Friday, May 21, 2010

Gowanus Garden

This pipe in the Gowanus Canal has superfund written all over it. Has the cleaning begun?[* see comments]

We walked over the bridge and looked at the garden in the sidewalk.

There is a red rose I have not seen here before. But I see it growing in the front gardens on Union Street...

And all the yellow loosestrife: Lysimachia punctata. Do not confuse with purple loosestrife (Lythrum - do not plant).

If you like this garden, here are some of my previous posts about it:

Gowanus Garden in Peril
Gowanus Garden, winter.
Sunflowers at the Drawbridge

7 comments:

  1. Have you read "Education of an Urban Farmer" by Novella Carpenter? It's a great account of how she did guerrilla gardening on the mean streets of Oakland. Real farming. With chickens, ducks and a pig.

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  2. Don't you really love it when a gardener says, "this is dirt. I can grow whatever I want here." even when "here" is pretty tough!

    Have never seen yellow loosestrife before - gorgeous. And kudos to the gardener!

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  3. Purple loosestrife has become a serious pest on the Liesbeek River here in the Newlands area, so I am pleased that you say "don't plant" Is it an unpleasant invasive alien in the USA as well?

    I love the yellow lysimachia, never seen that here in Cape Town.

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  4. Lisa - a pig! I will look for her book...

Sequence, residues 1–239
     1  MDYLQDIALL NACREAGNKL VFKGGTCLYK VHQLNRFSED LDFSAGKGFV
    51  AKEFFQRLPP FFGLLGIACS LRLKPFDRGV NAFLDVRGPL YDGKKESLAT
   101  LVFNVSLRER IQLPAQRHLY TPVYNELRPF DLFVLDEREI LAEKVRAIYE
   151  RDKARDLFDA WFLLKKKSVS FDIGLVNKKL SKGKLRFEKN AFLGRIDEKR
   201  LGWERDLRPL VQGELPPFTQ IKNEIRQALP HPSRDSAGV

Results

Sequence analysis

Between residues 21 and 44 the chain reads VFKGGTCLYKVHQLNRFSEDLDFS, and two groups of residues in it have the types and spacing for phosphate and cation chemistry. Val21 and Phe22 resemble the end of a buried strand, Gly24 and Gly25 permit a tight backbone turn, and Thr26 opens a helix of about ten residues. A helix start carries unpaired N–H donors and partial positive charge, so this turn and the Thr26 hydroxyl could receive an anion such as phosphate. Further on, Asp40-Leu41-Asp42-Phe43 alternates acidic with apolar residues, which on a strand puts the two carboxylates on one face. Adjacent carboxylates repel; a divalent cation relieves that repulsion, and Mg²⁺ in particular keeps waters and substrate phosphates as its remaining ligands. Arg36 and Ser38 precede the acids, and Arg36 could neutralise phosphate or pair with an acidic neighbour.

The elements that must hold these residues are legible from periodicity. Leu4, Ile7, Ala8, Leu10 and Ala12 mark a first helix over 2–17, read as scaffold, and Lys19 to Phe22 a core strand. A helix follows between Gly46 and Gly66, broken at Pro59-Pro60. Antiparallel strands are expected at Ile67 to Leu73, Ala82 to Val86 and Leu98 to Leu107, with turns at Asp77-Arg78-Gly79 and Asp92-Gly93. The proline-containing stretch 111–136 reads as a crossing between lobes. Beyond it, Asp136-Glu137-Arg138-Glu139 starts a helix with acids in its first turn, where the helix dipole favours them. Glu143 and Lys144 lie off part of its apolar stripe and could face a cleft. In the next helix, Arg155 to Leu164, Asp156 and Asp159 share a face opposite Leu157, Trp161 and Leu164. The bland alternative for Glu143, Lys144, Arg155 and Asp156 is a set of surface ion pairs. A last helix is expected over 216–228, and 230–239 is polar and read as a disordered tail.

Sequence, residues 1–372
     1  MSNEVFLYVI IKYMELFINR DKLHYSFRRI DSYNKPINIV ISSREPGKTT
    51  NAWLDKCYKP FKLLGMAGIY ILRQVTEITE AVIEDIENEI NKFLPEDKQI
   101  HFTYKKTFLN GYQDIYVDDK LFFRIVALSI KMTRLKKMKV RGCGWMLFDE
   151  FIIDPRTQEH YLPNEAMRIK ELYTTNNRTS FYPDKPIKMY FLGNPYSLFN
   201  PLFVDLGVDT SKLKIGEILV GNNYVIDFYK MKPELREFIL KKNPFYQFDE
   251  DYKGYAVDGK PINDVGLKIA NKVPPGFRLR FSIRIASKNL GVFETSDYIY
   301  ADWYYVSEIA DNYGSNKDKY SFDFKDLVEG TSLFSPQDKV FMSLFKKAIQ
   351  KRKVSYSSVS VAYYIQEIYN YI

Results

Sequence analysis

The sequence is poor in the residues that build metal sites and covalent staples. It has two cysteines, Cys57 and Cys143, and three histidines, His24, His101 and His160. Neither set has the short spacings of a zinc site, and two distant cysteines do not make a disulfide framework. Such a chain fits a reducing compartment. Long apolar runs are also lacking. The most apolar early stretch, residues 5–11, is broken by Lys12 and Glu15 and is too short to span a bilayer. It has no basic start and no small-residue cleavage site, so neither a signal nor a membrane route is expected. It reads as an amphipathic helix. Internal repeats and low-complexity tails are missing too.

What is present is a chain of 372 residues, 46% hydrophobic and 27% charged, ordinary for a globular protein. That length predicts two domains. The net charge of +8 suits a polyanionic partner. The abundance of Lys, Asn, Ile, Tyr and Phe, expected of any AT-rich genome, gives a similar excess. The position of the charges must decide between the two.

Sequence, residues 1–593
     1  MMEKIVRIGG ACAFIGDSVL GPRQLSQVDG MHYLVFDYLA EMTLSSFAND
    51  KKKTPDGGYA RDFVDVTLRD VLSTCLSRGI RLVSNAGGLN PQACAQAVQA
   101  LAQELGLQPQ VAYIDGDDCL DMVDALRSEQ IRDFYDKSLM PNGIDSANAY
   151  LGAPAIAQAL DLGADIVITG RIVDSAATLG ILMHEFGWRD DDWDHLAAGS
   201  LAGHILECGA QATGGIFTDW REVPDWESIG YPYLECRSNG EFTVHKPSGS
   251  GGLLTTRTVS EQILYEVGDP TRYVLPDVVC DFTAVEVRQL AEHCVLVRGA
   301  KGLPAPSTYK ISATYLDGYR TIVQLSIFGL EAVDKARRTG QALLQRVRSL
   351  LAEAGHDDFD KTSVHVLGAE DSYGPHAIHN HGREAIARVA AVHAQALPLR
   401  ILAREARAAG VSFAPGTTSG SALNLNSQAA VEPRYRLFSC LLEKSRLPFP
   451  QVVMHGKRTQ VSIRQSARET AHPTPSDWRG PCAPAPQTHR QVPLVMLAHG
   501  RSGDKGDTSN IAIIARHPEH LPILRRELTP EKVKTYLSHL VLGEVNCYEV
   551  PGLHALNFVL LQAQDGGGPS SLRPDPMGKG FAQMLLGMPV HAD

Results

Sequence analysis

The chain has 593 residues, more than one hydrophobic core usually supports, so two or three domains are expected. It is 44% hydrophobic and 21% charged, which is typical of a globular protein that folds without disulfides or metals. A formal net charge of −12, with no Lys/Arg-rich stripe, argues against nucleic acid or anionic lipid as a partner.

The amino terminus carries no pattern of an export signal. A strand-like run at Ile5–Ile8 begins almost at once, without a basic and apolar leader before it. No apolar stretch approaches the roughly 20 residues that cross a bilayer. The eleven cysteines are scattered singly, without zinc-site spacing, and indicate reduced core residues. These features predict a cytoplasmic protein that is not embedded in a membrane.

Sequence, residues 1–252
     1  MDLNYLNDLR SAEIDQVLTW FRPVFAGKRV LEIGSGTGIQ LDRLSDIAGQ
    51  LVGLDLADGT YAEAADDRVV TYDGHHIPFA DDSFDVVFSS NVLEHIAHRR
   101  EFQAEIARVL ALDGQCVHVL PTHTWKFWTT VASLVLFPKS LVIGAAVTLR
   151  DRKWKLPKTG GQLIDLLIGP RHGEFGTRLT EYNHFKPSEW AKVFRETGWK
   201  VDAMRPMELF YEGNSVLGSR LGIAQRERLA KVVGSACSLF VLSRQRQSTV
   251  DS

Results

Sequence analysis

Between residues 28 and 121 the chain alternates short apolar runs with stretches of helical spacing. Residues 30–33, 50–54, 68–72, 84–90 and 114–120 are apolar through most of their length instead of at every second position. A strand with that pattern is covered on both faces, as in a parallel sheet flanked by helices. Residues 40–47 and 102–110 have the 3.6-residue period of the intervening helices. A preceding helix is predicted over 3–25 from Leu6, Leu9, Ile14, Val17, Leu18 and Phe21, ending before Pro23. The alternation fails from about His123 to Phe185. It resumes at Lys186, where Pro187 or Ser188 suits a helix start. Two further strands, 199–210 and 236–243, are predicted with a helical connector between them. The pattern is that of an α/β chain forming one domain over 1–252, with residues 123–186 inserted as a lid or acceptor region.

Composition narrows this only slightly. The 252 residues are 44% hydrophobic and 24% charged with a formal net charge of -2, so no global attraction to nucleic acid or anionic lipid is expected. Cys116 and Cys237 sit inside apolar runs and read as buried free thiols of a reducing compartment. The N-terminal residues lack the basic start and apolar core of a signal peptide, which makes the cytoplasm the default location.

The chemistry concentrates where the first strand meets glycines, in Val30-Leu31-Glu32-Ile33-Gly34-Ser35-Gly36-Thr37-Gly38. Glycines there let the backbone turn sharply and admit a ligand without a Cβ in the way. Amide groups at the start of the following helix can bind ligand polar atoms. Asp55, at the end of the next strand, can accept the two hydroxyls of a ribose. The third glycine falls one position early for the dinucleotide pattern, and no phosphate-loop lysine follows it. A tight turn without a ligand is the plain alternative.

webb - yes, it reminded me of An Episode of Sparrows, a wonderful book about a little girl who starts a garden in bombed-out London - by Rumer Godden.

    Lyn, really? That's bad. I made the mistake of using purple loosestrife myself before I knew any better: it's popular because it's beautiful, of course.

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  5. The pipes have nothing to do with Superfund. They are part of the flushing tunnel work.

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  6. Mr Brown - thank you for a clue: so, from your site I found the Anonymous comment that said:

    'They are building an aeration system that will pump air into the canal water with the intent of improving the level of disolved oxygen (DO) in the water. The DO levels are typically too low in the canal to meet Clean Water standards, and are expected to plummet when the Fluching [sic] Tunnel is drained to do the rehab work.'

    I had never heard of the Flushing tunnel, so Wiki said:

    "The existing method to control the pollution of the isolated Gowanus Canal was the installation of the Flushing Tunnel on June 21, 1911, which for a time supplied clean water to the upper reaches of the canal through the brick-lined 1.2 mile (1.9 km) tunnel via Butler Street to Buttermilk Channel between lower Brooklyn and Governor's Island."

    Totally le fascinating.

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  7. I adore this garden. I remember seeing it from the very beginning when I lived a few blocks away. amazing

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